William Butler Yeats Leda and the Swan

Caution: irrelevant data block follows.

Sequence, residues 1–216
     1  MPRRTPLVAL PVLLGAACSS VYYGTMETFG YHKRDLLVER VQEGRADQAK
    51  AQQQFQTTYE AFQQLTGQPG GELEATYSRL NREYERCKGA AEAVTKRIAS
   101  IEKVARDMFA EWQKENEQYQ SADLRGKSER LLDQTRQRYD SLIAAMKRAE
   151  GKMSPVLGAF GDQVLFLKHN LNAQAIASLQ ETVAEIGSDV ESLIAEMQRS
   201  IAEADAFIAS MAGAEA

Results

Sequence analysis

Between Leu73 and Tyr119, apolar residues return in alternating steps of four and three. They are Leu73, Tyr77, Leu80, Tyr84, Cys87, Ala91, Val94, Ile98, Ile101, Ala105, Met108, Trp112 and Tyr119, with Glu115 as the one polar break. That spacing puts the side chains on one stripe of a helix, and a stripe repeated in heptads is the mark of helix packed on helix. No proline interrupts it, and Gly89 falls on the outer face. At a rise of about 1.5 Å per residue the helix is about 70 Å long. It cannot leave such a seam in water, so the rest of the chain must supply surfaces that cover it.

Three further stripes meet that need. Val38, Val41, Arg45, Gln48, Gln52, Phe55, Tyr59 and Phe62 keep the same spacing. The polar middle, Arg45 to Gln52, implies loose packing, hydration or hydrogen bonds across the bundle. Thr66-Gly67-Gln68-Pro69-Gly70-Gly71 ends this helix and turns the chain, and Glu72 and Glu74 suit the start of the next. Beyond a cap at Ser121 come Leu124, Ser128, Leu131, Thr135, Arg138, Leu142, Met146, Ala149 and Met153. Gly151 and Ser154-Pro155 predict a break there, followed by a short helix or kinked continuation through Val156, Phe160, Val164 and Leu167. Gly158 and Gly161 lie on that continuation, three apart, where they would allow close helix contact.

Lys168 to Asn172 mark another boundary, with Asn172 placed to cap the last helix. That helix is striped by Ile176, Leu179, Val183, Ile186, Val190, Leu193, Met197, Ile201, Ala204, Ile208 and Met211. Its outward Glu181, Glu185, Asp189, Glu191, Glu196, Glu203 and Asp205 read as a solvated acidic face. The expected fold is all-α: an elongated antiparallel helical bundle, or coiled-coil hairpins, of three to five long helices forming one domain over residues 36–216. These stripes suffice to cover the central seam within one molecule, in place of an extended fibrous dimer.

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In the sonnet “Leda and the Swan,” William Butler Yeats uses the Italian or Petrarchan sonnet form of an octave consisting of eight lines and a sestet of six lines in iambic pentameter to explore human’s place in the world. Yeats uses a rhyme scheme of ABABCDCDEFGEFG with the octave setting up the situation of Leda’s struggle, and the sestet providing commentary on its effects. In this sonnet, Yeats questions his place in the world as an artist wondering if he has created something eternal. At the beginning of Yeats’ sonnet there exists an air of mystery seeing as the title is the only reference to the identity of the characters. “Leda and the Swan” alludes to the mythological story of Leda, Helen’s mother, who is raped by Zeus in the form of a great swan. The “Swan” is a symbol of mystery and passion in throughout the poem. Yeats uses startling imagery and language surrounding sexual tension in the first stanza to indicate his need to explore in order to satisfy. The imagery and language in the octave support Leda’s struggle with the rape, “great wings,” “beating still,” “dark webs” and “nape caught” represent the her resistance through the use of stressed syllables. The last line of the first stanza, “He holds her helpless breast upon his breast,” uses alliteration repeating the “h” sound making the line difficult to read much like the difficulty Leda is facing in her struggle with the rape. The first four lines are a metaphor for Yeats struggle with creating poetry and his unification with the muse. In the octave Leda’s violent encounter with Zeus is described through sensory words which indicate the Swan’s powerful actions, “sudden blow” and “beating,” and Leda’s weakness, “helpless,” “terrified,” and “vague.” Yeats’ choice language creates evocative imagery of the girl’s rape by a swan. Yeats uses the word “vague” as a reference to the loss of

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